Supply Chain Students Receive IU Outstanding Senior Awards
May 10, 2013
Two supply chain seniors, Brett Rasche and Laura Hoover, received Kate Hevner Mueller Outstanding Senior Awards from Indiana University at the beginning of this year. Twelve recipients across campus were named “outstanding seniors” based on their leadership skills inside and outside of the classroom.
Brett Rasche chose to take the Kelley School of Business integrated core classes early to decide his future major sooner. His initiative and involvement in all aspects of his college career exhibit the leadership skills for which he won the Mueller Outstanding Senior Award
When other freshman students overlooked club involvement, Brett forged his own path and, initially, attended clubs and groups by himself.
Indiana University Student Alumni Association (IUSAA) grabbed his attention because of the numerous activities to meet new people from across campus. For freshmen, this is the main pull. For upperclassmen, building relationships with Alumni and potential employers is more appealing. Starting as a general member, he soon undertook posts in the organization including Director of Philanthropy and Vice President of Engagement.
From January 2012-December 2012, Rasche was President of the IUSAA, serving as a member of the Dean of Student’s Executive Council and IU Alumni Association Executive Council. These positions gave him collaboration opportunities with different groups on campus, creating more attractive events for students.
IUSAA transformed within Rasche’s years of involvement. Like all organizations, IUSAA grappled with how to do more with less.
Programs not engaging students had to be cut. General student meetings were first on the docket, because student attendance was low. Even though the meetings were well-intentioned, Rasche felt students could be equally as engaged through the newsletter and fewer, more purposeful meetings timed before large events. He applied logic learned from operations courses at the Kelley School of Business to push for more effective use of the leadership team’s time and resources.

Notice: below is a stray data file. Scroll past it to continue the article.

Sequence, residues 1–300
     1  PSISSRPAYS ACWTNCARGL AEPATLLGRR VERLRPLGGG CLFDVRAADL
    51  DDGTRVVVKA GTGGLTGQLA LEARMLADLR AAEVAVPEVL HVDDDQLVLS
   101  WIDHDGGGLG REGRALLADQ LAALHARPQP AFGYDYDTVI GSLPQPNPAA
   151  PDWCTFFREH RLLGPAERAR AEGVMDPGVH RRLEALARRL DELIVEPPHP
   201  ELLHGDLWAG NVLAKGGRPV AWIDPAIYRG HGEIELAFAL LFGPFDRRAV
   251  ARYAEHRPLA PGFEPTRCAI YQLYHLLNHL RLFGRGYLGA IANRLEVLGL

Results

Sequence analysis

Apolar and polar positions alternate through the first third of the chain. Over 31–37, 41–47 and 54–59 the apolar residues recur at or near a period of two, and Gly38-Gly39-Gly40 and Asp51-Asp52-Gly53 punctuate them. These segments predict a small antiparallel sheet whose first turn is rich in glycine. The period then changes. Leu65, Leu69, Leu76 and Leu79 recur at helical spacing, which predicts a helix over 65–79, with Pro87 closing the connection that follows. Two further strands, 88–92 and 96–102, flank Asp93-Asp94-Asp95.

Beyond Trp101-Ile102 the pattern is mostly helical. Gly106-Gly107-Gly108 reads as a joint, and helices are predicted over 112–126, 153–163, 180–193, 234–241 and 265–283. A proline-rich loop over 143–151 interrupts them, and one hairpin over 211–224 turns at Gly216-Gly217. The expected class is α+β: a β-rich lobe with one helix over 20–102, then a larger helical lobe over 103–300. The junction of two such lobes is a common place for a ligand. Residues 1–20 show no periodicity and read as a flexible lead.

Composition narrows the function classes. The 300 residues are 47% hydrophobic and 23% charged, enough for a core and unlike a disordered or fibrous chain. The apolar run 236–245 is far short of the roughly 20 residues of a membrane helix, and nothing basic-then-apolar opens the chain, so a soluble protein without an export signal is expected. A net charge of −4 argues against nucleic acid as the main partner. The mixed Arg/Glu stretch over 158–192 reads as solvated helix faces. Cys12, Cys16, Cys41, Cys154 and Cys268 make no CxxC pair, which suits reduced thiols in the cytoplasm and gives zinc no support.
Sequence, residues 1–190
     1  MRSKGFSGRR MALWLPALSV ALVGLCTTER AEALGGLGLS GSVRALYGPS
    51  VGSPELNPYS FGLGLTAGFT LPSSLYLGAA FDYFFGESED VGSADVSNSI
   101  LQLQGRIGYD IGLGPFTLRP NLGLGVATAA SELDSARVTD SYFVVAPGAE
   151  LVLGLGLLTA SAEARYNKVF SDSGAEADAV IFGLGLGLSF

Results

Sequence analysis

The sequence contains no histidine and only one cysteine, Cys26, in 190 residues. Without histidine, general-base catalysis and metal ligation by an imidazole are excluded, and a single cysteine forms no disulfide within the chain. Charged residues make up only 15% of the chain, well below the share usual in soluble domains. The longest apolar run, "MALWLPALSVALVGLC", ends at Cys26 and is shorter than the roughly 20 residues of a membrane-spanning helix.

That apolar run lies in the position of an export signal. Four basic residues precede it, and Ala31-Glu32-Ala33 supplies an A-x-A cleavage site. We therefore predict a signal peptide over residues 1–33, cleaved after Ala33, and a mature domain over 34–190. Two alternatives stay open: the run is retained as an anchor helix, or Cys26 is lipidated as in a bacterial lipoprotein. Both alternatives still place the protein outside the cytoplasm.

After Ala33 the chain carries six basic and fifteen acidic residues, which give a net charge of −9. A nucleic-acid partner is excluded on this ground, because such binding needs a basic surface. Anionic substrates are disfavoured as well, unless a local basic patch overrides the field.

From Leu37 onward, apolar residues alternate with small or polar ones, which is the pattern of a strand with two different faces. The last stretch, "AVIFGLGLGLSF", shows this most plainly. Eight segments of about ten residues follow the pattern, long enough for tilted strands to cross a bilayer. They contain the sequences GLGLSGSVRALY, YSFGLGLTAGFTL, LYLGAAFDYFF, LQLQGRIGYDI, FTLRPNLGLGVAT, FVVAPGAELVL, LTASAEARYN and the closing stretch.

“The transition phase that the Student Alumni Association underwent provided me a rare opportunity to apply concepts I learned in my ODT classes while still in college. I helped evaluate many of our programs by comparing their costs with the benefits they bring. If the value-add wasn’t there, we cut the program.”
In addition to his role as president, in September 2012, Rasche joined 180 Degrees Consulting. A student-run club open to all Indiana University students, 180 Degrees Consulting provides free services to non-profit organizations in Bloomington. Students use information the organizations already collect and evaluate the information in order for it to be used more effectively.
Using Kelley courses that teach Microsoft’s Excel and Access programs, Rasche helped his team analyze a financial donor database for a non-profit that provides transitional housing to teenagers and young adults. The team presented a written case to advise where funds are being raised efficiently.
“While at Kelley, I have changed the way I approach my extra-curricular involvement outside the classroom. When a problem arises, I first attempt to find the underlying issue to that problem and then try to determine the most efficient way to solve it. My classes have opened up my mind to an entirely new way of thinking.”
Rasche accepted a position with Cummins after graduation.
Laura Hoover’s service displays exactly how involved she has been the past four years. She serves on the Student Advisory Board for Kelley's Institute for Social Impact (KISI). As a former vice president and president of the Emerging Markets Club, Hoover managed a student-run journal and connected with alumni to expand the networking opportunities for students. Outside of campus, Hoover works at Habitat for Humanity, where she started summer of 2010 as a Supply Chain Management intern.
During the summer of 2011, Hoover embarked on an internship in Uganda through the Foundation for Sustainable Development in partnership with KISI. The foundation connects interns to international organizations who then work to improve community programs. Hoover worked with Organization for Rural Development (ORUDE) in Jinja, Uganda, in assessing and advising a local Savings and Credit Cooperative, or SACCO.
Her experience in Uganda inspired her to seek out Alfonso Pedraza-Martinez, an Assistant Professor in the Department of Operations and Decision Technologies to begin research on a capstone thesis. She applied for and was awarded research grants to return to Uganda in December 2012.
Hoover’s research examines whether international internships make any impact on the community. She interviewed former interns, Foundation for Sustainable Development facilitators, and organization directors, assessing what contributes to the success of internship experiences.
“It was a great experience to see how the brand images I designed are displayed and recognized around the SACCO I worked with over one year ago. My manager saw a change among members that they feel like a family now and care about how the SACCO is perceived," Hoover said. "It was interesting to see how this portion of my program was lasting and impactful and other intangible portions have been left out. This case and the other internship experiences I researched were very revealing about what type of intern programs are sustained and how that compares to whether the programs are successful in helping the nonprofit organization.”
Hoover accepted a position with Schneider National’s Rotational Leadership Program after graduation.